September 9, 2020

The FedEx Championship Conundrum

The final event of the 2019-2020 PGA season is over. The best player won the season long chase for the FedEx Cup, but somehow it isn't as fulfilling or satisfying as it should be. Maybe it's because the general public is confused with how players accumulated FedEx points and the staggered start to begin the final tournament of the year. In my opinion, the new "all or nothing" approach is less than satisfying for me and traditional golf fans.

A short recap of how players earn FedEx points. At each regular PGA tournament the winner receives 500 FedEx point, World Golf Championship winners earn 550, and major championship winners get 600 points. Non winners also receive points based on their finish in the tournaments. When the play-offs begin the point totals are tripled, so the winner gets 1,500 points. There are two play-off events leading up to the Tour Championship. That is why Dustin Johnson and Jon Rahm vaulted ahead of Justin Thomas, who was the point leader for most of the year. Under the system adopted last year the leading point getter started the Tour Championship at 10 under par, second at -8, third at -7, fourth at -6, fifth at -5, six through 10 at -4, 11 to 15 at -3, 16 to 20 at -2, 21 to 25 at -1, and 26 to 30 at even par. Realistically, that gives only the top 10 a decent fighting chance to catch the leader.

The total prize for winning the FedEx Cup is a staggering 15 million dollars. To claim that prize the victor must win the Tour Championship. Dustin Johnson was given a two shot advantage over Jon Rahm, which could easily vanish in one hole. It is almost too much to ask for a player to continue his exceptional play for another four days to grasp his reward. Rory McIlroy won last year's event coming from five shots back at the start of the week. He had the lowest four round total and beat Justin Thomas, the point leader by 10 shots for the week to secure the victory. In this year's event Xander Schauffele had the lowest four day score, but started too far back of Johnson to catch him.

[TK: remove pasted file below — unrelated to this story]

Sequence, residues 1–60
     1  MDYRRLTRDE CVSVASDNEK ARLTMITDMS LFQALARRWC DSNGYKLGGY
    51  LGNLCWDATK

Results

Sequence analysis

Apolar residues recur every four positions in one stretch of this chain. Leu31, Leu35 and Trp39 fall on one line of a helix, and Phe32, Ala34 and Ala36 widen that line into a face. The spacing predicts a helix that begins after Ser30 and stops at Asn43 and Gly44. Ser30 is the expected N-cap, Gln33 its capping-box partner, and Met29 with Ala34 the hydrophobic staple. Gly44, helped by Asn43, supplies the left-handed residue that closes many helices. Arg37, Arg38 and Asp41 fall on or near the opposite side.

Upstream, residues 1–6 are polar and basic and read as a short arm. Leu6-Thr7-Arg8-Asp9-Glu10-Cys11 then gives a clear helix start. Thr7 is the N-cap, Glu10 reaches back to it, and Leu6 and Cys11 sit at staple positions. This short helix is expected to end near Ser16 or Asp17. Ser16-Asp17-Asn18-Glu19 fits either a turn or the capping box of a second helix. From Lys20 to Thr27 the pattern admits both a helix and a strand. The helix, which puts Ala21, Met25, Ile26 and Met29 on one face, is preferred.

It is difficult to be the leader of a tournament before you even hit the first shot. There is a different mindset that you have to accept. Dustin came out aggressive and knew he had to play very well to secure the title. He did just that. His play was brilliant and he hit the clutch shots when it was needed. The staggered start was soon forgotten after players settled into their positions after two rounds. Then it was a regular tournament and the best man won.

The PGA Tour and FedEx want this to be the climax and pinnacle of the golf season. 15 million dollars is silly money for one golf tournament victory. East Lake Country Club is a wonderful venue to host this championship, but it doesn't have a championship caliber feel. Looking back at the winners of the FedEx Cup since its inception in 2007, there have only been quality winners. When looking for criteria for World Hall of Fame credentials a FedEx championship will be highly regarded. In two weeks we will have a US Open championship at Wing Foot. I look forward to that event with much anticipation, because that will have the tradition, feel and prestige of a great tournament. The FedEx Cup still doesn't instill the same reverence.


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